'...... the effect of the incorporationof Article 3, Clause 6, into the bills of lading in this case is that the rights of the holders have been extinguished in respect of the claim made in this case. As therefore the plaintiffs have no rights to enforce, there is in my view no question of the remedy being barred, and Section 28, Contract Act does not assist the plaintiffs.'
In Dawood Tar Mahomed Bros. v. Queensland Ins. Co., (AIR 1949 Cal 390) a clause in an Insurance Policy that the company will not be liable for loss after expiry of 12 months from happening of loss, came up for consideration. The Court held:
'The plaintiff is not limited as to the time within which he may bring a suit; the restriction is on the time during which the company will accept liability for loss.'
In Ruby General Insurance Co. Ltd. v. Bharat Bank Ltd., (AIR 1950 East Punj 352) it is held:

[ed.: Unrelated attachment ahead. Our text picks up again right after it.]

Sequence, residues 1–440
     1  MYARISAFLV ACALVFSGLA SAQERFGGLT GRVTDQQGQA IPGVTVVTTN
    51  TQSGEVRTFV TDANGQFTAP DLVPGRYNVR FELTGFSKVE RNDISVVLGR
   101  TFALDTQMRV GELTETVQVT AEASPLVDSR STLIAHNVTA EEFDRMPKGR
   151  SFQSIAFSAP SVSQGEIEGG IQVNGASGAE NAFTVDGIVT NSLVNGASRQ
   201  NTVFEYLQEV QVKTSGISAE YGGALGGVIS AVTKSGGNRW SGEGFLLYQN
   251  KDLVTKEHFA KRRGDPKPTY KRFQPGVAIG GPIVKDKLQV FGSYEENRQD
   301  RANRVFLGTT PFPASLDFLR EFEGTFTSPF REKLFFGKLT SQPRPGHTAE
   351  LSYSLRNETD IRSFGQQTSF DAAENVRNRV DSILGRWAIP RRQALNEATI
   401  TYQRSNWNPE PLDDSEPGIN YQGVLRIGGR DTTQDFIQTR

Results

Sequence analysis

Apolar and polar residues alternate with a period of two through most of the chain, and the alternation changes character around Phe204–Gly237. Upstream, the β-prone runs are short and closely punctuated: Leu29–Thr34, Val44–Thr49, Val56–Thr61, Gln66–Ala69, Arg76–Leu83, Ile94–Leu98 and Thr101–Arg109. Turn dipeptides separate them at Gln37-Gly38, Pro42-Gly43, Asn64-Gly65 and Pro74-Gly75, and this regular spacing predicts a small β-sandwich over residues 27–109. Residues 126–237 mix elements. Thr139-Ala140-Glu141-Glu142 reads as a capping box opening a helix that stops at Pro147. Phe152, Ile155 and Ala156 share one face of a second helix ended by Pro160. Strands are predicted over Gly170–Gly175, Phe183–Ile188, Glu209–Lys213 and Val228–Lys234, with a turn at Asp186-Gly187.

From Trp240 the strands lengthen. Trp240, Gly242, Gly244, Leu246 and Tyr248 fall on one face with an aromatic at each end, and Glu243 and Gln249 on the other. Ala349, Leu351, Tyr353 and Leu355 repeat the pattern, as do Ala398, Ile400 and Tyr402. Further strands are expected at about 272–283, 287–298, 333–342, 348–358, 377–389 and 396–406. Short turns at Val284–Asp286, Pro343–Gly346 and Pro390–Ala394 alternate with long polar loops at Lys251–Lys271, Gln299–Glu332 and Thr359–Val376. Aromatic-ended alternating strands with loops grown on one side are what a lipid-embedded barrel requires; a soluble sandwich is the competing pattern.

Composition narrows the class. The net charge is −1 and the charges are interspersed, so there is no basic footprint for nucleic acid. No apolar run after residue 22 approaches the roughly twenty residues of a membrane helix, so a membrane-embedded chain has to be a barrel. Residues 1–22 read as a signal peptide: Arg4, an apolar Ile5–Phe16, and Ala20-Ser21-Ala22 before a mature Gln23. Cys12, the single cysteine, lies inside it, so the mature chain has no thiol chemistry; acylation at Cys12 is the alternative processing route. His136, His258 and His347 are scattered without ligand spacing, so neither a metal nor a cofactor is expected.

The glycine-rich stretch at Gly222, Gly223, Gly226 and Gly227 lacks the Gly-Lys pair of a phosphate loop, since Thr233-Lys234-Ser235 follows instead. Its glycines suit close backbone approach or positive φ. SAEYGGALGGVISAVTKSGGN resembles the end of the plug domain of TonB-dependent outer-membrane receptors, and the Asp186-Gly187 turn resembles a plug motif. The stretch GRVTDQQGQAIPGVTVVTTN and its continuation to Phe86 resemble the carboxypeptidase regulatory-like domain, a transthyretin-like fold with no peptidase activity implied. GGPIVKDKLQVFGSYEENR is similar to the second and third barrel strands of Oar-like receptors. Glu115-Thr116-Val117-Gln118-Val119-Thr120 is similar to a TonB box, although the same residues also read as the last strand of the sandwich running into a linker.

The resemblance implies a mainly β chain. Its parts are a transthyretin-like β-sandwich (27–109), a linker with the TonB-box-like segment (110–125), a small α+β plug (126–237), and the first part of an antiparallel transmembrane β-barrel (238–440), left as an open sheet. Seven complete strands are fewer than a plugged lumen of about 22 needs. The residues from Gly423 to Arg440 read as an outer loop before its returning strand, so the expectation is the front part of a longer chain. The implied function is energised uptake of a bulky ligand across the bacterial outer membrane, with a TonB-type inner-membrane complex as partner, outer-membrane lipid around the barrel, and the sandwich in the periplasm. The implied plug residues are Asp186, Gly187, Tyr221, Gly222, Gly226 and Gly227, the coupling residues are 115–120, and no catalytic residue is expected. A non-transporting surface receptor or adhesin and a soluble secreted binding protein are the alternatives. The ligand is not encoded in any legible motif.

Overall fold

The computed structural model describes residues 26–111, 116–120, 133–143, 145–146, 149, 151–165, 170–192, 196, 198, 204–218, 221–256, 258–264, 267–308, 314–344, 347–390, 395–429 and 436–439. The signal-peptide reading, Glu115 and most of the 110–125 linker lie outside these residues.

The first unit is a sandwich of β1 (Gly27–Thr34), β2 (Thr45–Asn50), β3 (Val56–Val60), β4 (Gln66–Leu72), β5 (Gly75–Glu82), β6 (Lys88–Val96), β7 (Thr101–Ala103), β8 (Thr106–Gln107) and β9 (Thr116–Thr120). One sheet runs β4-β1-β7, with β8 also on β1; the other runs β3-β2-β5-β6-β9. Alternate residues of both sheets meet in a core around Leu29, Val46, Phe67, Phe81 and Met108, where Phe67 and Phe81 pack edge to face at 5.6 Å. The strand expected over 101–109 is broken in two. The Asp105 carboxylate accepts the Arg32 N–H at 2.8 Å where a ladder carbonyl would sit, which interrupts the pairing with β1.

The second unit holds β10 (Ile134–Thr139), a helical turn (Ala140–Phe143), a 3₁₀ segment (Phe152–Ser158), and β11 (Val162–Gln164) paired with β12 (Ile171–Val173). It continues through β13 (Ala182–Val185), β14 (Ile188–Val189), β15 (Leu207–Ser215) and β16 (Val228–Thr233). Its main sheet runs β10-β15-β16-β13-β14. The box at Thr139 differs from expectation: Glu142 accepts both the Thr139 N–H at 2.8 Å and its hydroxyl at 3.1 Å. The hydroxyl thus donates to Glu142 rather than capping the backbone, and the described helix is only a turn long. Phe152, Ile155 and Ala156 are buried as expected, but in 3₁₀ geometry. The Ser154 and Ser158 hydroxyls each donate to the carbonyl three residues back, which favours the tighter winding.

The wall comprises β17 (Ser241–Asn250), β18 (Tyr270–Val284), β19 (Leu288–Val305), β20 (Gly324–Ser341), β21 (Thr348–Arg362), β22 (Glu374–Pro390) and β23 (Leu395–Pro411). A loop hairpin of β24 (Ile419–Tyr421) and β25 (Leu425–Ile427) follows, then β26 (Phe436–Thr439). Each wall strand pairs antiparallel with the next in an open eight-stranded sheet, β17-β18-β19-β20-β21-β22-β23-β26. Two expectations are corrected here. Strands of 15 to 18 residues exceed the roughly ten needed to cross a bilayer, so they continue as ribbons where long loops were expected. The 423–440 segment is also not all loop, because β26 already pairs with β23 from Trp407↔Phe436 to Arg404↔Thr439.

'It is open to any two parties to agree that the promisor would only be liable if he is informed of the indemnification within the stipulated period, and there seems to be a great deal of sense in it particularly in the case of fire insurance or insurance against accident where the liability to the extent of the damage caused, when the matters are fresh, can be measured with a certain amount of accuracy. Lapse of time in such cases may result in all lands of claims which are not capable of determination with any amount of exactitude and when memories of men may become rather hazy.'
In the above judgment it is further said:
'..... .such a clause did not defeat anyprovision of law, it was not opposed topublic policy and it neither contravened Section 28, Contract Act, nor Article 86, Limitation Act.'